Misc Tennis

Players divided on Australian Open’s courtside bar atmosphere

Players divided on Australian Open's courtside bar atmosphere

MELBOURNE, Australia — A 37-year-old veteran didn’t mind the music, and a 16-year-old qualifier debuting in the Australian Open main draw picked up on the vibe from the two-story courtside bar and thought it was energizing.

Petros Tsitsipas didn’t like it one bit as he and his brother, 2023 Australian Open runner-up Stefanos Tsitsipas, lost their first-round doubles match: “It’s a very weird concept, in my opinion.”

There’s a certainly a buzz around the bar that overlooks Court 6 and gives Australian Open fans a shady place to have a cool drink on a hot day, which is something of a national tradition.

It’s popular with fans, but the music and constant movement adjacent to a Grand Slam tennis court is dividing opinion among players.

Stefanos Tsitsipas, who has a strong following among Melbourne’s big Greek population, wasn’t impressed after losing in doubles Tuesday to Miguel Angel Reyes-Varela and Daniel Altmaier.

“The DJ and stuff, I just kind of remembered, it was somewhere in my subconscious where I could feel the movement and all that kind of action going on in the background,” he said. “I’m not a huge fan of it.”

He plays his main draw singles matches on the show courts, where there are fewer distractions — although spectators are allowed to enter the arenas after each game now in Australia instead of during every change of ends.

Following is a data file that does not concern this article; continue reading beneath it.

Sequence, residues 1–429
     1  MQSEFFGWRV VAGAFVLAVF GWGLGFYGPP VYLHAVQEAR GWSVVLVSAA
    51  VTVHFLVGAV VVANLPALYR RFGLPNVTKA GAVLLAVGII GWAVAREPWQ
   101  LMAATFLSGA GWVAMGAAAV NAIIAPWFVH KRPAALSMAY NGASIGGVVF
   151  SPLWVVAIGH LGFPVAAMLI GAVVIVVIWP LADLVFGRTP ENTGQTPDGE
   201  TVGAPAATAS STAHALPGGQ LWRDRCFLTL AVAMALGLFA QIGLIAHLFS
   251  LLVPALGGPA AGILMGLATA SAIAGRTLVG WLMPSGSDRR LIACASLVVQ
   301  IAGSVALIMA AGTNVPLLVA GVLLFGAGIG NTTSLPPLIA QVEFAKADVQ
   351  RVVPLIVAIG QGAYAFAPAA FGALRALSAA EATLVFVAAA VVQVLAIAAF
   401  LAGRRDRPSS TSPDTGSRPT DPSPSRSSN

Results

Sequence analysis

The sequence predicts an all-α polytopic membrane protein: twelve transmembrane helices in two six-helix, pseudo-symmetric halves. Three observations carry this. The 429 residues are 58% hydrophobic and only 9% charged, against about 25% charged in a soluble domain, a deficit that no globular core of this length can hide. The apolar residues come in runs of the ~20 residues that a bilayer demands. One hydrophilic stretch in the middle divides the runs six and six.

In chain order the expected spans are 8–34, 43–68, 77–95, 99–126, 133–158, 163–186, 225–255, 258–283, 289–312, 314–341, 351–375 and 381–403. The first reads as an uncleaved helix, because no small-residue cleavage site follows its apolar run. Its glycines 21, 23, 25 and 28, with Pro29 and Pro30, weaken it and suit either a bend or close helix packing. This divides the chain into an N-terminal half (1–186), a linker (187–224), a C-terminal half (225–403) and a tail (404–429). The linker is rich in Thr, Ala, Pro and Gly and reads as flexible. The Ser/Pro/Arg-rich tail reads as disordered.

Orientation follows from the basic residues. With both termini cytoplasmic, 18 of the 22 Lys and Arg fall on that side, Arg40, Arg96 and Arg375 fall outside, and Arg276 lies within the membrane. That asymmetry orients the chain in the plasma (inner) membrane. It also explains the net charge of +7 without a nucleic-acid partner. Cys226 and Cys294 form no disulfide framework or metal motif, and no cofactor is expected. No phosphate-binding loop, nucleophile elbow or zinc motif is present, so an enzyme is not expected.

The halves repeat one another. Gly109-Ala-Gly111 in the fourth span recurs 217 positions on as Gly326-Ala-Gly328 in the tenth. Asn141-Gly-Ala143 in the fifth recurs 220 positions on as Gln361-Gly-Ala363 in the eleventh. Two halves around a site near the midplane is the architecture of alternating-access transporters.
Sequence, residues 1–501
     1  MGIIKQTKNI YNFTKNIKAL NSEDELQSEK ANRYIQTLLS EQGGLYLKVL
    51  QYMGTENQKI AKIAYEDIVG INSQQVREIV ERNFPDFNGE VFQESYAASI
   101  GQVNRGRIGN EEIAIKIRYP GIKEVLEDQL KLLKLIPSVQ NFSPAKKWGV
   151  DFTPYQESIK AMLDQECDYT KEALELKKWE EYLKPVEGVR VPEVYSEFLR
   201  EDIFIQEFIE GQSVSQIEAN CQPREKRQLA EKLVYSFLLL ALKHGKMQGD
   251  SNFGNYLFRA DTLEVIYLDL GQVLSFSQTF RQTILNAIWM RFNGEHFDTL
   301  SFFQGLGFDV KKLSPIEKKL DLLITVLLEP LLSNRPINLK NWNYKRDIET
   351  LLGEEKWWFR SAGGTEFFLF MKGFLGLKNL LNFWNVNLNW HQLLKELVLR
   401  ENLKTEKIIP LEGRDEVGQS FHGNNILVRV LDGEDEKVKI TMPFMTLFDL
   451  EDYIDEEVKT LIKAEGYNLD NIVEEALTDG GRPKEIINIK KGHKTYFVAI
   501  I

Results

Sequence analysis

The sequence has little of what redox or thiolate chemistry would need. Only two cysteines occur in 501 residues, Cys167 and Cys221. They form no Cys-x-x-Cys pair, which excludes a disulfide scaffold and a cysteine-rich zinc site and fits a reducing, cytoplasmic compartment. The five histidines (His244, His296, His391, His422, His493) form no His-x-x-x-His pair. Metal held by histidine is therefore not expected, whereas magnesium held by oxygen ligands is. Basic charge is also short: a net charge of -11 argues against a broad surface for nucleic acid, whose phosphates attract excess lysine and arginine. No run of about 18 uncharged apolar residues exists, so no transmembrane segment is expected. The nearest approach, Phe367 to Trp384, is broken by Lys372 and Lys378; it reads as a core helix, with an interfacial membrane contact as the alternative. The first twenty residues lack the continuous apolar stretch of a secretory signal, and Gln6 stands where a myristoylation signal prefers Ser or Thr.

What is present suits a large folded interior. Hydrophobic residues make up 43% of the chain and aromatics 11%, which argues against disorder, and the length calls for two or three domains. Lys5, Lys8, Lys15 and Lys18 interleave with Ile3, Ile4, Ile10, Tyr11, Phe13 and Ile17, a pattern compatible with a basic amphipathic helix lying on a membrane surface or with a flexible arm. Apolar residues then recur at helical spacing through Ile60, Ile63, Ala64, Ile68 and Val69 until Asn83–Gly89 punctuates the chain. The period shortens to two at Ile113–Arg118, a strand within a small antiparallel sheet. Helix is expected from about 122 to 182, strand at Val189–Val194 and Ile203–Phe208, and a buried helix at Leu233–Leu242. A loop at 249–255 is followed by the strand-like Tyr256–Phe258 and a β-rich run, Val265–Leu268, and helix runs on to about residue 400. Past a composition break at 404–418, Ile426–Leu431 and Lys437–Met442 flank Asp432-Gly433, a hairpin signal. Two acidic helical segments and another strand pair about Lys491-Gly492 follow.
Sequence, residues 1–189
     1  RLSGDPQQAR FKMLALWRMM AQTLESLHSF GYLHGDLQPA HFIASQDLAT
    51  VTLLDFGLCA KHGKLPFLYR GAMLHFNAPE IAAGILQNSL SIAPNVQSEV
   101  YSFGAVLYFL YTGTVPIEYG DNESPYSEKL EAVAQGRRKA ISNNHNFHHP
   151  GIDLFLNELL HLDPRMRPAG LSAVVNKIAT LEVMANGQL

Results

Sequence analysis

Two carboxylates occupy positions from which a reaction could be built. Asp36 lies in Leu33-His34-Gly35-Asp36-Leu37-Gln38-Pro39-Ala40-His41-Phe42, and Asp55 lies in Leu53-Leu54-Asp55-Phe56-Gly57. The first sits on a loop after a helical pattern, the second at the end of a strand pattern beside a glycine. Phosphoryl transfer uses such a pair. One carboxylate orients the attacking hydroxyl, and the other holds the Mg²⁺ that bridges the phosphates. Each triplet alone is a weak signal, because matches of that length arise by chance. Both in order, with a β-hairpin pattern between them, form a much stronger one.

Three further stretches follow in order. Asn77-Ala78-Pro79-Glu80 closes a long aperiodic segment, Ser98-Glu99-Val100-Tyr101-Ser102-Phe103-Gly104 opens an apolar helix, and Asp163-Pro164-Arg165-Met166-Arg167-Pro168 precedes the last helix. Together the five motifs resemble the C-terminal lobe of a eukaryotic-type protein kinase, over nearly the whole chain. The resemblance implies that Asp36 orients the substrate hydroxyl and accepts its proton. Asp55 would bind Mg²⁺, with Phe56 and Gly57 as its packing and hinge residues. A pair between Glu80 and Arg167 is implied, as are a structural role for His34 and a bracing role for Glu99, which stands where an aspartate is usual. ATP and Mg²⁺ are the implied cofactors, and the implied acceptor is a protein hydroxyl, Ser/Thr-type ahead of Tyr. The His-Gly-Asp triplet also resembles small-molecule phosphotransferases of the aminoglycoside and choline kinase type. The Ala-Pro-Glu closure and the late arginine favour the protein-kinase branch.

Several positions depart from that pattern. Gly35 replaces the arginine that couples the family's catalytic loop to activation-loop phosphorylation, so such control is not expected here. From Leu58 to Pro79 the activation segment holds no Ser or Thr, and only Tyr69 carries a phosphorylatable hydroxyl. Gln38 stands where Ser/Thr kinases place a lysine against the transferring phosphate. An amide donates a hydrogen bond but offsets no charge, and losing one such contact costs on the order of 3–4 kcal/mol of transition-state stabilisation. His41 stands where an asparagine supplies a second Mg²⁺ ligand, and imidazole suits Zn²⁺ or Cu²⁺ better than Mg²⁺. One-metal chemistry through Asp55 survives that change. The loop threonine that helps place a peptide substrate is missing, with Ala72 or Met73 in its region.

Petros Tsitsipas is more familiar with the outside courts around Grand Slam venues in Melbourne and New York, where crowds can get rowdy and sometimes old-school tennis conventions don’t apply. But the new bar so close to the court was too much for him.

“It’s way too accessible, in a way, for the public,” he said. “It was a bit noisy, so it’s not so easy to concentrate.”

Despite his concerns, he didn’t want to blame the party area for his loss.

“The most important thing is to perform,” he said, “to go out and perform in a Slam.”

The tournament attracted almost 90,000 spectators on Day 1 and more than 80,000 on Day 2, with organizers offering more shade and more places to relax and unwind.

Gael Monfils, 37, has been playing at the Australian Open since 2005 and has had big moments on the main arenas and the further-flung courts. He played on Court 6 in his 51st Australian Open main draw singles match late Monday afternoon.

“Music? I don’t really mind, to be honest,” the Frenchman said. “I was just focused on my match. I was blocking out, so nothing really bothered me. No, it’s OK.”


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